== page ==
To use FT8 for Field Day, WSJT has a setting to customize the exchange to include the required class and ARRL section:

To test out the config so far, start the apps in this order: N3FJP, JT-Alert, WSJT. To test logging a QSO, enter a test call in the DX Call field and press the Log QSO button:

… note here when running Field Day mode you should enter the correct exchange sent and exchange received so the QSO is logged correctly in N3FJP.

The log is automatically sent across to N3FJP via JT-Alert:

I noticed if you don’t manually enter the exchange sent and received then it will populate just the callsign field with the sent and received still blank. If you complete both as you log from WSJT then the log entry is saved into N3FJP automatically.

Note: in JTAlert v2.13.6 I noticed the above steps work fine on Windows 10 if you are logged in as an Admin user. If you log in as a regular user, JTAlert will not copy logs across to N3FJP, unless you start JTAlert with ‘Run as Administrator’. Also, it will pop up the warning message saying that it failed to check if the log was successfully written, even though it is written to N3FJP successfully. There is a timing setting in the JTAlert Performance settings to increase the length of time before the N3FJP is checked for a successful log, but it doesn’t appear to make any difference for this issue.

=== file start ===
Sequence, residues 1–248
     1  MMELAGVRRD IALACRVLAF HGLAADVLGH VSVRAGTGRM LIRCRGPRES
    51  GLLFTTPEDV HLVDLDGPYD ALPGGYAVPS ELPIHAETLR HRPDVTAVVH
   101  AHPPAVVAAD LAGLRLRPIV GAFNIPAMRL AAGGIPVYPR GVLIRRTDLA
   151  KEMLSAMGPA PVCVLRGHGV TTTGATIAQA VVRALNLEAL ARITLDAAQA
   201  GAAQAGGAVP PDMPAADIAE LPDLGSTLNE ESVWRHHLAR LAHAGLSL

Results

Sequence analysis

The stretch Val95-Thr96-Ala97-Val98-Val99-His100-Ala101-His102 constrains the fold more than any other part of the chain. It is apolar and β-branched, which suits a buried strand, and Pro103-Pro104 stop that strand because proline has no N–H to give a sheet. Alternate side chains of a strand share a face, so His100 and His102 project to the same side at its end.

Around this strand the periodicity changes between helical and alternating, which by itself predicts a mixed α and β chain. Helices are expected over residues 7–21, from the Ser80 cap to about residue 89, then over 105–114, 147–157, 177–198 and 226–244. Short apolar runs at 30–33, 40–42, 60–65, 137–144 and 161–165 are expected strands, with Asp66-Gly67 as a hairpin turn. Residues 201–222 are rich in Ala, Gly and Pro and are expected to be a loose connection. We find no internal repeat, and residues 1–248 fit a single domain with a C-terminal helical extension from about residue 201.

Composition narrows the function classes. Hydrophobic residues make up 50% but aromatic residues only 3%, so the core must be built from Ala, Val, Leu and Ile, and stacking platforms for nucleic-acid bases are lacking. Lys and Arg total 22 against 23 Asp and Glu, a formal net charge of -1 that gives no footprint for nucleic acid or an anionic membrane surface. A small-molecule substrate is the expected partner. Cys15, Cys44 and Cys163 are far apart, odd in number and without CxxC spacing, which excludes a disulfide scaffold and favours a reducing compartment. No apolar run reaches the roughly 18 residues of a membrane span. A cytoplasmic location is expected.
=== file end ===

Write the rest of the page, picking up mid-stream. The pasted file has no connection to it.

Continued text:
Next up, I’ll look at getting fldigi setup to also log direct to N3FJP.

Slides from RCARCS 7/3/18 meeting: Intro to FT8 Digital Mode

I presented an overview of the incredibly popular FT8 digital mode at the River City ARCS club meeting on 7/3/18.

Here’s a copy of my slides: